Humble Pie: New York Times Revisits Its Movie Critics Trashing Christmas Classics

There are rare moments that The New York Times allows some air out of its balloon of arrogance. For Christmas, Scott Tobias revisited some of the most popular Christmas-themed classics, and found the Times film critics didn't always match the popular consensus. "The holidays have given us an occasion to dig through the archives to see if New York Times critics were on the right side of history when they first reviewed these films, or if they missed an annual tradition in the making."

Obviously, a critic can always dislike something the public loves. It happens all the time, but these are still fun to look over:

It’s a Wonderful Life (1946), reviewed by Bosley Crowther: “Indeed, the weakness of this picture, from this reviewer’s point of view, is the sentimentality of it — its illusory concept of life. Mr. Capra’s nice people are charming, his small town is a quite beguiling place and his pattern for solving problems is most optimistic and facile. But somehow they all resemble theatrical attitudes rather than average realities.”

White Christmas (1954), reviewed by Crowther: “The colors on the big screen are rich and luminous, the images are clear and sharp, and rapid movements are got without blurring — or very little — such as sometimes is seen on other large screens. Director Michael Curtiz has made his picture look good. It is too bad that it doesn’t hit the eardrums and the funny bone with equal force.”

A Christmas Story (1983), reviewed by Vincent Canby: "There are a number of small, unexpectedly funny moments in A Christmas Story, but you have to possess the stamina of a pearl diver to find them.”

Gremlins (1984), reviewed by Canby: [Joe Dante and the screenwriter Chris Columbus] attack their young audience as mercilessly as the creatures attack the characters. One minute they’re fondly recalling Frank Capra’s sentimental classic, It’s a Wonderful Life, and the next minute they’re subjecting this Capraesque Smalltown, U.S.A., to a devastation that makes the original Invasion of the Body Snatchers look benign."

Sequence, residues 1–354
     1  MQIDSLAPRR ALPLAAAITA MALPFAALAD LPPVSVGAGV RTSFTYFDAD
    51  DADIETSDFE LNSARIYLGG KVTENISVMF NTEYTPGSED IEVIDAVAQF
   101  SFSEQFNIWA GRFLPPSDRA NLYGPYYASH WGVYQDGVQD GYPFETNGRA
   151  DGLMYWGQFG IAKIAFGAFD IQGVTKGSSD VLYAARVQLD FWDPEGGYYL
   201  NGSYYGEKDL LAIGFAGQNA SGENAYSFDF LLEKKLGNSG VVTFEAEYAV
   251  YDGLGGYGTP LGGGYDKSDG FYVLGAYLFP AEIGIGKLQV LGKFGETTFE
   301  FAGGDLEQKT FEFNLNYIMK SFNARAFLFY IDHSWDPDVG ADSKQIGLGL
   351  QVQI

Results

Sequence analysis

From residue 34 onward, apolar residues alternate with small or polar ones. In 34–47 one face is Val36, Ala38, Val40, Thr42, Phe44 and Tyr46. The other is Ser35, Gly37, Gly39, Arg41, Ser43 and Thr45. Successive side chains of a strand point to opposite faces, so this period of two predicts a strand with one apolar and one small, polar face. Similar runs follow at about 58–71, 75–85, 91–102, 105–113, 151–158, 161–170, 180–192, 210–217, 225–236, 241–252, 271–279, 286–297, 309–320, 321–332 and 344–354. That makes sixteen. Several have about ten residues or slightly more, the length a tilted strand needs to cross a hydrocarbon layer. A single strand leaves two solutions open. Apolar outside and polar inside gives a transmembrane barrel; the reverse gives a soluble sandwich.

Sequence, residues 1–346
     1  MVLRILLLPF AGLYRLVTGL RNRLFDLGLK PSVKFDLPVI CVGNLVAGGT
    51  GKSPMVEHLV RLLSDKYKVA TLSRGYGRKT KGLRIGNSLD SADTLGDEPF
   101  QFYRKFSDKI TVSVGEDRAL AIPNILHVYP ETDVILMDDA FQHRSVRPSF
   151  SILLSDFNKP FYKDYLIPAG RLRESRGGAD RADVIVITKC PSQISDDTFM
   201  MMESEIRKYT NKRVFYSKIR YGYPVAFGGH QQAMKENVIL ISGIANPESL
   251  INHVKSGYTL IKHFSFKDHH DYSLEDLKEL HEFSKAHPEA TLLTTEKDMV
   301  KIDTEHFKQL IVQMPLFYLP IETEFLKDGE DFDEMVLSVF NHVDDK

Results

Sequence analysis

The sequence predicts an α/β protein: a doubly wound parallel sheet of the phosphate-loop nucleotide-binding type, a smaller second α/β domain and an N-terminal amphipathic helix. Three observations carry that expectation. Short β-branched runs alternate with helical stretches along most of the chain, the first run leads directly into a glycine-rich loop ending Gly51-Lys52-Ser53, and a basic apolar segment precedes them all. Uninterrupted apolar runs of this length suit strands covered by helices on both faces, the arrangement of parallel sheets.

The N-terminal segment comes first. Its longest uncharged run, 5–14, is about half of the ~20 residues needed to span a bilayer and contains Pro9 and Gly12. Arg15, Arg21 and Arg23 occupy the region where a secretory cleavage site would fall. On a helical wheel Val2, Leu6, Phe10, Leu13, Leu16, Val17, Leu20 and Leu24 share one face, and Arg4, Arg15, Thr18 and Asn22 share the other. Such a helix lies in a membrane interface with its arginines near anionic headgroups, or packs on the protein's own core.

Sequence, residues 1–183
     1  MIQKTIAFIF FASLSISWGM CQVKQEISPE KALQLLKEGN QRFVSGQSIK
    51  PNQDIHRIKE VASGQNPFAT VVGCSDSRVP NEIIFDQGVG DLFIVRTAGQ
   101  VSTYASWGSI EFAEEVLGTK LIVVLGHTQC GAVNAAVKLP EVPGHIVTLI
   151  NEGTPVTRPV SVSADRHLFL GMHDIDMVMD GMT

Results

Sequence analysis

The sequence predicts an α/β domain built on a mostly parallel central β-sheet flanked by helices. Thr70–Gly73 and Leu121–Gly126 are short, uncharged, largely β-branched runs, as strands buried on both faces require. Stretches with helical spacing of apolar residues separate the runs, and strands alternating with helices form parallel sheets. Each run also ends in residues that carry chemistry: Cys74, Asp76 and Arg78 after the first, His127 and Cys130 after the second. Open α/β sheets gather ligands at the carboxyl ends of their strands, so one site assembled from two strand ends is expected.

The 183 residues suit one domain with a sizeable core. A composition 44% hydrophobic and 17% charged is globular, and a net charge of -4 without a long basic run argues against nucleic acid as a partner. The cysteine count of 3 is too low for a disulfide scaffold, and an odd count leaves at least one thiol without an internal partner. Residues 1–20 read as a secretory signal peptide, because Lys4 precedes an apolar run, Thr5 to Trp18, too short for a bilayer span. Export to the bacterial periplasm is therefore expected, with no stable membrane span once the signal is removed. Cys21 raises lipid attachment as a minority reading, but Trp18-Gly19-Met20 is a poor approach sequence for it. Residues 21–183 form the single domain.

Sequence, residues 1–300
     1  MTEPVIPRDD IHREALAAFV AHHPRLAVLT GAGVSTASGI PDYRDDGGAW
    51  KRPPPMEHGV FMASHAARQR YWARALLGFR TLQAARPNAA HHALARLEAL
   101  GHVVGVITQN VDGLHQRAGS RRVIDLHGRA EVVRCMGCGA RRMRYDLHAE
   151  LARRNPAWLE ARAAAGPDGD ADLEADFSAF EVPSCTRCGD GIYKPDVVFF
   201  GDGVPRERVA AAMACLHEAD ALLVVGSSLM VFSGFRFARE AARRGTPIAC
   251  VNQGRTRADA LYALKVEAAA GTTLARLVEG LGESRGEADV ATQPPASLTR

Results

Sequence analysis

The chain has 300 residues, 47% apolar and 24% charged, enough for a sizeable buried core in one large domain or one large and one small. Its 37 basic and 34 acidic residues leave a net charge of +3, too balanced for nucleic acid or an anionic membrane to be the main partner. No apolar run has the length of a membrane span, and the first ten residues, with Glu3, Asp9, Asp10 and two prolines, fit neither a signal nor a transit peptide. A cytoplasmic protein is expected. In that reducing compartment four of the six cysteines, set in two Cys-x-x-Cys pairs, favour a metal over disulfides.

Scrooged (1988), reviewed by Canby: "As Frank Cross, the ratings-mad program chief of the IBC television network, Mr. Murray’s contemporary Scrooge is a joy as long as he’s making life miserable for everyone around him. When, finally, Frank sees the error of his ways, the movie succumbs to its heart of jelly."

Die Hard (1988), reviewed by Caryn James: “the film is largely a special-effects carnival full of machine-gun fire, roaring helicopters and an exploding tank. It also has a villain fresh from the Royal Shakespeare Company, a thug from the Bolshoi Ballet and a hero who carries with him the smirks and wisecracks that helped make ‘Moonlighting’ a television hit. The strange thing is, it works: Die Hard is exceedingly stupid, but escapist fun.”

National Lampoon's Christmas Vacation (1989), reviewed by Janet Maslin: "Fatigue is in the air. This third look at the quintessentially middle-American Griswold family, led by Clark (Mr. Chase) and the very patient Ellen (Beverly D’Angelo) is only a weary shadow of the original National Lampoon’s Vacation... 

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